So, what do you want to do? Make a goal then figure out what you have to do to accomplish that goal.
- 0May 25, '11 by Five&Two Will DoQuote from PunkygrlI did exactly what you ae toaking about doing. I wanted a good stable career that gave me a bit more satisfaction than the job I had. I chose the CNA because it was a quick and easy way for me to determine whether or not nursing would be something that I enjoyed. CNA's can make a pretty good salary too. I was lucky and got a job at a VA hospital which enabled me to go from hospice to nursing home to mental health to a general float position as a CNA over a period of about 5 years. The last couple of those years I was a full time student in an RN program. My experience as a CNA really helped me in school too. At the end of my time as a cna I ended up making about $16/hr. It is a great choice to become a nurse, and if you do not like it you can always do something else. Hope this helps you a bit good luckThanks for all the advice - I really appreciate it! Still deciding.....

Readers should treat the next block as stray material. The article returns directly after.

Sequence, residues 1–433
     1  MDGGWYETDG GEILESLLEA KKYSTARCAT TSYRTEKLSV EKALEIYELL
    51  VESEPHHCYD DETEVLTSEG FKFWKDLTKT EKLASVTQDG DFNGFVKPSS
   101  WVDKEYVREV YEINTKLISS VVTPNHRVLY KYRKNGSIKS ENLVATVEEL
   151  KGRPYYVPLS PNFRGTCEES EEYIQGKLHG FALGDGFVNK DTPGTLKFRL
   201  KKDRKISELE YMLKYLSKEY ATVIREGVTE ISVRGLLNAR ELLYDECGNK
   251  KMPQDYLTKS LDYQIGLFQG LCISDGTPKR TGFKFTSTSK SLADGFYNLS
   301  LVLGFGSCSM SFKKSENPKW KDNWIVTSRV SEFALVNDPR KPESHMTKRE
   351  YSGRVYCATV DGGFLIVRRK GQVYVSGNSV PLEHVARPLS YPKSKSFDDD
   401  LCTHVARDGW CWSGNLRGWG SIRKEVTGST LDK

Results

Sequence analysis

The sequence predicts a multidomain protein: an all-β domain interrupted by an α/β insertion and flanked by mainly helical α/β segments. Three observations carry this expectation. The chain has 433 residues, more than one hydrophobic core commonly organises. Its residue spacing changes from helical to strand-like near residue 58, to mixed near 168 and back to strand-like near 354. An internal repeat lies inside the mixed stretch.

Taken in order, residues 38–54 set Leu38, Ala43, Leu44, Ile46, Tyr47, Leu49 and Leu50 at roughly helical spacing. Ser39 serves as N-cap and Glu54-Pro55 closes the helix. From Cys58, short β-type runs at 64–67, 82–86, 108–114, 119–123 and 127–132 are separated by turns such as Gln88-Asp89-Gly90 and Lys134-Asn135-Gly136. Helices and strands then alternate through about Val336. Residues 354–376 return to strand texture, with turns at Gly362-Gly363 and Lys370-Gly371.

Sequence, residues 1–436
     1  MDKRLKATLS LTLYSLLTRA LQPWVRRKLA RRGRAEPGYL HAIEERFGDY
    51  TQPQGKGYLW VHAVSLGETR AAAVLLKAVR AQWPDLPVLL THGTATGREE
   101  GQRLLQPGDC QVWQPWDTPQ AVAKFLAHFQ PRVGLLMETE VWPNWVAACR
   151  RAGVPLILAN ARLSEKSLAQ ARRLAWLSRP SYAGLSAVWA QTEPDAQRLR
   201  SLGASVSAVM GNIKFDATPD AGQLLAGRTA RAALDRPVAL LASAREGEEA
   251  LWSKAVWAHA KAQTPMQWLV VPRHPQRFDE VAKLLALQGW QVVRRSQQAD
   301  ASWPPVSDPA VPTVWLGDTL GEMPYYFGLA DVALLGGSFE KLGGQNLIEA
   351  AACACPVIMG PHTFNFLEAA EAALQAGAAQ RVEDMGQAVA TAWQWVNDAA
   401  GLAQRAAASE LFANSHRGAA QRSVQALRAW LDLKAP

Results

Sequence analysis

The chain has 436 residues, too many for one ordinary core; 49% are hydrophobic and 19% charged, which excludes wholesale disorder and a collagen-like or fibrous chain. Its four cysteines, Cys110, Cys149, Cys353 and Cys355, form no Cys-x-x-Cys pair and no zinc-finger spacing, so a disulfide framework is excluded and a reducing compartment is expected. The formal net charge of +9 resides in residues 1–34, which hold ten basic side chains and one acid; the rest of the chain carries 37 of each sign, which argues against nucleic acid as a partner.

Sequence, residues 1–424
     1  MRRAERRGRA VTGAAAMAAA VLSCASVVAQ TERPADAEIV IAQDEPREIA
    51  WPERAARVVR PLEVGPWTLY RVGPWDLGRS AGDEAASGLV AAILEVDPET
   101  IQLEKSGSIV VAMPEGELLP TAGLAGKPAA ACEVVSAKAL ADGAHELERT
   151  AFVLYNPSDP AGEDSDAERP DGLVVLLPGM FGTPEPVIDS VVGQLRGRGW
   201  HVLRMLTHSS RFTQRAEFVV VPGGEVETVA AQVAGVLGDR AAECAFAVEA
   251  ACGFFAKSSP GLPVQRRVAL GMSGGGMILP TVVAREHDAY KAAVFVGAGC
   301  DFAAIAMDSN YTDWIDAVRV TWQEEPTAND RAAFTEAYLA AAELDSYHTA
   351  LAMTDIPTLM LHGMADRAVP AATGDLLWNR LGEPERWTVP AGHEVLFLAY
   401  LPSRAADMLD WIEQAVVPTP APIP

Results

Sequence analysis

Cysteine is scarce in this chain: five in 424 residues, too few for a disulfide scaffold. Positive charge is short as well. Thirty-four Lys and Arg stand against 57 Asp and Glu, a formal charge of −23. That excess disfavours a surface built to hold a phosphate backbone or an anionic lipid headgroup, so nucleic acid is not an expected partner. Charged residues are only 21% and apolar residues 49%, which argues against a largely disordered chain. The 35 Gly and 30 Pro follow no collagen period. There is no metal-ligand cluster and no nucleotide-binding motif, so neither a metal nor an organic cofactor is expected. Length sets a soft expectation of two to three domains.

- 1May 25, '11 by RNforLongTimeI think anybody going into school for LPN or RN should be required to be a CNA first. I was a CNA my final year of nursing school and I think it really helped me develop time management skills because I knew I had so much time to do certain tasks(AM care, baths/showers, toiletiing) before lunch and then so much time to toilet and put the residents to bed for a nap afterwards. With 14-16 residents who require total care, you learn time management real quick. I also learned that certain LPNs would NOT help you with transfers no matter what...they all had a 'bad back".
Since becoming an RN, I've worked with CNA's who have told me that they enjoyed working with me because I'm one of the few RN's who will get up and go answer a call bell rather than expecting the aide to do it as the other RN's on the floor would do.
I know in my area, there are several nursing homes who will provide CNA training so long as you agree to work for them for a certain time period. I think becoming a CNA is a good stepping stone to a nursing career because just because you are an LPN or RN doesn't make you above wiping butts, answering bells or any other task a CNA typically performs in caring for patients/residents. It'll give you a small taste for what you'll be doing later on in your career.